Can you smell time? Your dog can.
On a very basic level, so can you: When you crack the lid on that old quart of milk, tentatively sniff and—peeyouu!—promptly dump that foul stuff down the sink, you are, in effect, smelling time. Specifically, you can smell that far too much time has elapsed since that milk was fresh.
But a dog can smell time with a sophistication that puts our simple sniffers to shame. “Odors exist in time, and dogs perceive that,” explains cognitive scientist and canine researcher Alexandra Horowitz of Columbia University. “Dogs use smell to ‘tell time,’ in some sense, because a more recently laid odor smells stronger, and an older odor smells weaker.”
A dog’s nose is a notoriously sensitive piece of equipment. With up to 300 million olfactory receptors compared to our lousy 5 million, a dog can detect a single teaspoon of sugar dissolved into a million gallons of water, the equivalent of two Olympic-sized swimming pools. Unlike us, dogs are able to take in scent continuously, even as they exhale. What’s more, a dog’s nostrils are smaller than the distance between them, effectively giving dogs “stereo” sniffing power that carries subtle grades of information, including directionality.
Read full article at Strange Attractor
Solar impulse is a single-person aircraft that depends entirely upon solar energy for power. It employs no fossil fuel power once it is up in the air. As a result, the aircraft is a platform for technological innovation: structurally, it marks the first time mass-produceable carbon fiber composites are being used, along with ultra-light thin ply technology. The high-efficiency (22.7%) solar cells are the thickness of a human hair, and the LED landing lights were designed with the assistance of Swiss watchmaker Omega. “Intelligent fibers” stabilize the pilot’s body temperature, and personalized diets have been developed by Nestlé Health Science to ensure pilot nutrition. In fact, the list of innovations seems endless, and underscores the technical complexity of creating, constructing and flying an aircraft with “the wingspan of a jumbo jet (63.4 m/ ~208 ft), the weight of a car (1600 kg/ ~3527 lbs.) and the average power of a scooter over 24 hours.” Just a few weeks ago, in fact, a Brazilian aviation official told me of how he and his colleagues were monitoring the Solar Impulse experience, confident that there were glimpses into the future of flying to be gained by studying the lessons of this venture. Text and Image via FORBES. Continue THERE
32 year-old Dmitry Itskov believes technology will allow him to live forever in a hologram body. His ‘2045 initiative’ is described as the next step in evolution, and over 20,000 people have signed up on Facebook to follow its progress, with global conferences planned to explore the technology needed.
‘We are in the process of creating focus groups of experts,’ said Itskov. ‘Along with these teams, we will prepare goal statements and research programs schedules.’ The foundation has already planned out its timeline for getting to a fully holographic human, and claims it will be ready to upload a mind into a computer by 2015, a timeline even Itskov says is ‘optimistic’.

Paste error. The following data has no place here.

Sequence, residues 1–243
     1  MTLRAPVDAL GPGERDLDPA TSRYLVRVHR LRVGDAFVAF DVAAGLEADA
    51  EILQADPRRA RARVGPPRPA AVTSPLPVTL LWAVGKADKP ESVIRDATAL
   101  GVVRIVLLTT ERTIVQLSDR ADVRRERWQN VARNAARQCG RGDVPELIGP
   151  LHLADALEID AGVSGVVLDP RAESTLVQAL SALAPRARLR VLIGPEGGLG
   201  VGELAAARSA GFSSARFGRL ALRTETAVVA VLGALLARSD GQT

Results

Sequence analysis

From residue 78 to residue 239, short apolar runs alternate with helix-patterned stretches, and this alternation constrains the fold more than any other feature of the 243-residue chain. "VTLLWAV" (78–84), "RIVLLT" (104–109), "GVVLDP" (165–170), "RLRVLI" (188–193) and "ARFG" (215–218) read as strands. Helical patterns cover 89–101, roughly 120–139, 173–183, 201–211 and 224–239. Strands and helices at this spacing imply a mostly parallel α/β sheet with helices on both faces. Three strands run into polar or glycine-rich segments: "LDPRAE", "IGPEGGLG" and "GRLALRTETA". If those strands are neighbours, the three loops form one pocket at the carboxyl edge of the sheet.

‘The four tracks and their suggested deadlines are optimistic but feasible,’ he said of the foundation’s site.
‘This is our program for the next 35 years, and we will do our best to complete it.’
The ultimate aim is for a hologram body.
‘The fourth development track seems the most futuristic one,’ said Itskov.
‘It’s intent is to create a holographic body. Indeed, its creation is going to be the most complicated task, but at the same time could be the most thrilling problem in the whole of human evolution.’
A recompilation of US Patent illustrations. US Patent Illustrations: The Past when it was still the Future.
US Patent 3316993MOTORIZED TRAVELING CASE SCOOTER TO CONVEY PASSENGER – DM Weitzner, 1967
EP0396720 B1 – Method for Increasing Body Heat Transfer – William Patrick Campbell – 1989
US 620600B1 – Canine scuba diving apparatus – Dwane L. Folsom, 2001
Thanks to new observation technologies, powerful software, and statistical methods, the mechanics of collectives are being revealed. Indeed, enough physicists, biologists, and engineers have gotten involved that the science itself seems to be hitting a density-dependent shift. Without obvious leaders or an overarching plan, this collective of the collective-obsessed is finding that the rules that produce majestic cohesion out of local jostling turn up in everything from neurons to human beings. Behavior that seems impossibly complex can have disarmingly simple foundations. And the rules may explain everything from how cancer spreads to how the brain works and how armadas of robot-driven cars might someday navigate highways. The way individuals work together may actually be more important than the way they work alone.
Excerpt from an article written by Ed Yong at WIRED. Continue THERE
“The future of” is a participatory book project initiated by Crap is good which tries to provide an insight into the future role of architecture. Realizing the problematic nature of the simple question ‘What is the future of Architecture?’ we feel it is still somehow relevant in describing the architectural practice of today.
Every architectural attempt starts by making a representation of an imaginative situation or design, which will happen, or could happen in the future. In many cases an architectural design remains a future plan, and in times of economical and political crisis, the question of what comes next, gains relevance. So, while architects shape the future, this book is concerning about the future of architecture.